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Easy ways to Quit Smoking Tobacco

16 June

Quitting Nicotine

Cigarette smoking is responsible for nearly 1 in every 5 deaths. Cardiovascular disease, lung cancer, and chronic obstructive pulmonary disease are the top three smoking-related causes of mortality (COPD). In addition to the "top three," smoking has been linked to a variety of different cancers, as well as an increased risk of acquiring more colds and infections, diabetes, osteoporosis and hip fractures, issues during pregnancy, erection problems, stomach ulcers, gum disease, and the list goes on.

Quitting smoking can help you live longer. Though it is preferable to quit sooner rather than later, it is never too late. Even at the age of 80, the benefits of quitting smoking are true!

What causes the addiction?

Nicotine, the primary element in tobacco, is to blame for your smoking habit. Your brain quickly adjusts to it and becomes increasingly desirous of feeling the same way you did after just one cigarette.

Your brain eventually learns to predict when you'll light up a cigarette. You're weary and down, so you think to yourself, "I need a smoke," and the cycle begins again.

But it's not only about chemistry in the brain. You desire to smoke in certain conditions. Triggers range from person to person. The smell of cigarette smoke, seeing a pack of cigarettes in the store, eating specific foods, or drinking your morning coffee can be among your triggers. The way you're feeling (happy or sad) can be a trigger. One of the biggest keys to quitting smoking is spotting the triggers that make you crave smoking and trying to avoid them.

Easy ways to stop smoking

  • Set a Quit Date

Choose a date within the next couple of weeks, tell your friends and family about it, and put it on your calendar. Plan to quit smoking fully on that quit date. Consider what would make stopping difficult. Prepare yourself to deal with any withdrawal symptoms. Determine what makes you want to smoke and devise a strategy to avoid or cope with these triggers. To avoid weight gain when you stop smoking, begin exercising before your quit date. To keep your mind and hands occupied, choose healthy distractions. If you plan to utilise nicotine replacement items like nicotine gum or patches, have them on hand.

  • Going “cold turkey” might be better

In a recent study, roughly 700 individuals were randomly allocated to either progressively cut back on smoking over two weeks or quit suddenly on a fixed quit date. Counselling was provided to both groups, as well as nicotine patches and other kinds of short-acting nicotine replacement. At the 4-week follow-up (49 per cent vs. 39 per cent) and 6-month follow-up (22 per cent vs. 15 per cent), the group randomised to cold turkey was considerably more successful at quitting smoking.

  • Many people need extra support

Though some people are successful on their own, many others struggle, and quitting for good often takes several attempts. There are a variety of ways to seek help, including one-on-one in-person, telephone support, and mobile phone apps. Many counselling programmes are free, and some even include free nicotine patches.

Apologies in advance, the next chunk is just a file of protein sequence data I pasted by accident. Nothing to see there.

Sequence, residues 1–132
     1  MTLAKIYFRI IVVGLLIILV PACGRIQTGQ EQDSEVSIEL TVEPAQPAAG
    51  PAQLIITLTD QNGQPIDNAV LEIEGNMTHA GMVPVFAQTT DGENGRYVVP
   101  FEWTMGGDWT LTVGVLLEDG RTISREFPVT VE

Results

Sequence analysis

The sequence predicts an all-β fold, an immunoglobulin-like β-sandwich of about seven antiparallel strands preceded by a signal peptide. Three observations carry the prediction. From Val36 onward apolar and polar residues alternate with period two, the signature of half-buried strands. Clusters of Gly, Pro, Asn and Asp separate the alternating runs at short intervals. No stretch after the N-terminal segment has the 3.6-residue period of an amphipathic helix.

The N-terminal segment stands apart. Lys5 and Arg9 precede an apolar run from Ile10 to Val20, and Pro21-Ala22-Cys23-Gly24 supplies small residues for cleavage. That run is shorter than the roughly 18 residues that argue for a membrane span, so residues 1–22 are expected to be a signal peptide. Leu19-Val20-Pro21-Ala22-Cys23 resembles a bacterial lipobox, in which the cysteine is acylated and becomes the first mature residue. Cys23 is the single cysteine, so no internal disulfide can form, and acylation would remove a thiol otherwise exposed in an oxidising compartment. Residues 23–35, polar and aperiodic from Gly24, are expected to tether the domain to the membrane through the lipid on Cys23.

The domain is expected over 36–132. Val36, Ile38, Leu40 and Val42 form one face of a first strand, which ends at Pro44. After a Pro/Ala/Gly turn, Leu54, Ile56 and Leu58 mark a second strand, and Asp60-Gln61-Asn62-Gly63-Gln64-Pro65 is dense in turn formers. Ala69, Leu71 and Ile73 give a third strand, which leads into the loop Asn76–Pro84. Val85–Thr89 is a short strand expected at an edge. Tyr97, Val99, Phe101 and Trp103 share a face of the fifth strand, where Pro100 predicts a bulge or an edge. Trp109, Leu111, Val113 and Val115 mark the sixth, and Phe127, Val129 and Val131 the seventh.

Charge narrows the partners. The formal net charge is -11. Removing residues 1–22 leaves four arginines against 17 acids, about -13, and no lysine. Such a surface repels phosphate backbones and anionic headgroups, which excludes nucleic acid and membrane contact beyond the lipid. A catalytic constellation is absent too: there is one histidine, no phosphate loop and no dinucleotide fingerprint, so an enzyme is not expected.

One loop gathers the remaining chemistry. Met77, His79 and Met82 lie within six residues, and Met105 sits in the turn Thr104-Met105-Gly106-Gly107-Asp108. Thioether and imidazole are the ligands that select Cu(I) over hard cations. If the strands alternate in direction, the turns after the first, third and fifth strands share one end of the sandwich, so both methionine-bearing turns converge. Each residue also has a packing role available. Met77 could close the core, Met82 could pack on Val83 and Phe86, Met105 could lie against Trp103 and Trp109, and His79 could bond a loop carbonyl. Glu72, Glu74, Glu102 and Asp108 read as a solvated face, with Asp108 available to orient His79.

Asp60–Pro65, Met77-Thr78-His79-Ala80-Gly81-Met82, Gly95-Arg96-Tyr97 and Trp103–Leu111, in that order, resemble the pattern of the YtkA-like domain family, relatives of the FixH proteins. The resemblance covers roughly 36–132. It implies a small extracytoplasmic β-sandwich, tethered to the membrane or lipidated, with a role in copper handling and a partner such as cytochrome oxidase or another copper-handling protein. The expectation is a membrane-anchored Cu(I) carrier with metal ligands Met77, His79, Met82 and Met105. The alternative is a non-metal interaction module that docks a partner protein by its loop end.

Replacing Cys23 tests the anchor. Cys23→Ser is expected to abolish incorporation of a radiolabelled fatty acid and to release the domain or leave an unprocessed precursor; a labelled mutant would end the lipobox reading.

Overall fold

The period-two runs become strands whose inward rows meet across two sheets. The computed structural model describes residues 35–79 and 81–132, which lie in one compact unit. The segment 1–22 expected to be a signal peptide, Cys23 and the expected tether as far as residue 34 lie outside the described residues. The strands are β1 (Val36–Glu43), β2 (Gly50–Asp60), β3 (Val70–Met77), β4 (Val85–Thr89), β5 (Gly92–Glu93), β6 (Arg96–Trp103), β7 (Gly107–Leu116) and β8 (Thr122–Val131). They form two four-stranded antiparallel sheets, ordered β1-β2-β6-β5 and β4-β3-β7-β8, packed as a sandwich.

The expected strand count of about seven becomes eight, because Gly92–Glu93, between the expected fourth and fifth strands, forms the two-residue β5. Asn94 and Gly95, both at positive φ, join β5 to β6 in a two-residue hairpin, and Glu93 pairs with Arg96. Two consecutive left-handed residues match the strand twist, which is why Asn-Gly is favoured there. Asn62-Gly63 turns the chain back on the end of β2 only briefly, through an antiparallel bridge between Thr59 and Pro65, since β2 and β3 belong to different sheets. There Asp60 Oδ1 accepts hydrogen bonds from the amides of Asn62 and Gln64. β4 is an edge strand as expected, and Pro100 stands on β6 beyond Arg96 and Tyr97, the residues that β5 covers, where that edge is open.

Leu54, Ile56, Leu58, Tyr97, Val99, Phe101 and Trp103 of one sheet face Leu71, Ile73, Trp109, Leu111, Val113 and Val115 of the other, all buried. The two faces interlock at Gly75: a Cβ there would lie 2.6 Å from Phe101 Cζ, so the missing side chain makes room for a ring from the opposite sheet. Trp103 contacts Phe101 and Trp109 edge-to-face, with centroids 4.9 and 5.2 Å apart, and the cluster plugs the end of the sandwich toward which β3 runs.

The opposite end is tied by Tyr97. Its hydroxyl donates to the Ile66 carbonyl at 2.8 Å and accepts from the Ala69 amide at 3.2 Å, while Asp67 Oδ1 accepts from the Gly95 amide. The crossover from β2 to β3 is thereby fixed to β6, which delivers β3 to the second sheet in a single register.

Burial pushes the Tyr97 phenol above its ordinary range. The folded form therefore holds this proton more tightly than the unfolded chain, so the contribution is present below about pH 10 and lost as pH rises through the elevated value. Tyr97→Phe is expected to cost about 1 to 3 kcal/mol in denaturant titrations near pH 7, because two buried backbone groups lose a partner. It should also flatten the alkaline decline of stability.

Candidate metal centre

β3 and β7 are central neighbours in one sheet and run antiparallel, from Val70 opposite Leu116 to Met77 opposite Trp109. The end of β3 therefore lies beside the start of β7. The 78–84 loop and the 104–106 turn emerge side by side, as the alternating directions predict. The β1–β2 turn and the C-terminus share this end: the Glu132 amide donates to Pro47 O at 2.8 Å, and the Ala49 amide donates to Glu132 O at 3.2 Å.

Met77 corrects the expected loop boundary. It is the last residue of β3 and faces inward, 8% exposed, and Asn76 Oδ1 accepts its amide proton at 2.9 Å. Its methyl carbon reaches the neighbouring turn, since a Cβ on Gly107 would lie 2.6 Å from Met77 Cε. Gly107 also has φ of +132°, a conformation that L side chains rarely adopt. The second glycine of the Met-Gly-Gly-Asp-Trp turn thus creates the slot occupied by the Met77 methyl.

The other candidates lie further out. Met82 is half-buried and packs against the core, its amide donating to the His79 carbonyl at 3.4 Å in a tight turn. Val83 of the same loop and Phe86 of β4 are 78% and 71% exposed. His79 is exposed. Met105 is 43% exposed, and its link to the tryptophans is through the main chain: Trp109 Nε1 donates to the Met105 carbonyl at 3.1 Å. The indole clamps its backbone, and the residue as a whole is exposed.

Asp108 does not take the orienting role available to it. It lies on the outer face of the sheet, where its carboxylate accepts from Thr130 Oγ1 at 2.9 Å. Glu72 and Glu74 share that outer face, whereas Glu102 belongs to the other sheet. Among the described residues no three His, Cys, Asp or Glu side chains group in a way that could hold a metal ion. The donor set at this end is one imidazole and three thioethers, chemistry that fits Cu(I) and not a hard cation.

• Treatments available

Medication treatment (nicotine replacement, varenicline, or bupropion) improves quitting rates, particularly when paired with counselling. These drugs may assist with cravings, withdrawal symptoms, and other smoking-related negative effects. Even if a person has not totally quit smoking, these agents can be employed. Varenicline and bupropion take time to work, therefore depending on the medicine, they should be begun a week to several weeks before the quit date. Consult your doctor to determine which treatment is best for you, especially if you suffer from depression.

If these various treatments don’t work, they may also be tried in combination. In addition, there are other alternative treatments, like acupuncture and hypnosis, but success has been less clear with these.

  1. Nicotine replacement - Nicotine substitution doubles the rate of quitting. It relieves withdrawal symptoms and cravings, and it's easy to taper off as symptoms improve. Patches, gum, lozenges, nasal spray, and inhalers are all available over-the-counter or with a prescription. If the smoker smokes more than 10 cigarettes per day, the highest dose patch (21mg) should be administered. The patch releases nicotine to the skin over the course of 24 hours, but it can also be withdrawn before bedtime. Other short-acting nicotine replacements can be used alone or in combination with patches as needed for cravings or on a regular schedule (e.g. hourly while awake) at first.

  2. Varenicline (Chantix) - Varenicline works by attaching to nicotine receptors in the body, partially activating them to alleviate withdrawal symptoms while also blocking them from nicotine in cigarettes, making smoking less enjoyable. In research, varenicline has been demonstrated to have the greatest quit rate.

  3. Bupropion (Zyban, Wellbutrin SR) -  Bupropion is thought to act by affecting the hormones in the brain. It also helps to reduce the weight gain associated with quitting smoking. Those who have quit smoking may benefit from longer-term treatment. It cannot be used by people who have had seizures before. 

Most smokers who quit will feel better, and they will be less likely to contract (or die from) smoking-related illnesses. However, quitting nicotine is a challenging task. If you want to quit smoking, talk to your doctor about the best ways to help you succeed.

Dr. Sudheer Nadimpalli

Sr. Consultant - Pulmonology
MD (Resp. Med), MRCP (Gen. Med), FRCP (Edinburgh)
CARE Hospitals, HITEC City, CARE Hospitals Outpatient Centre, HITEC City

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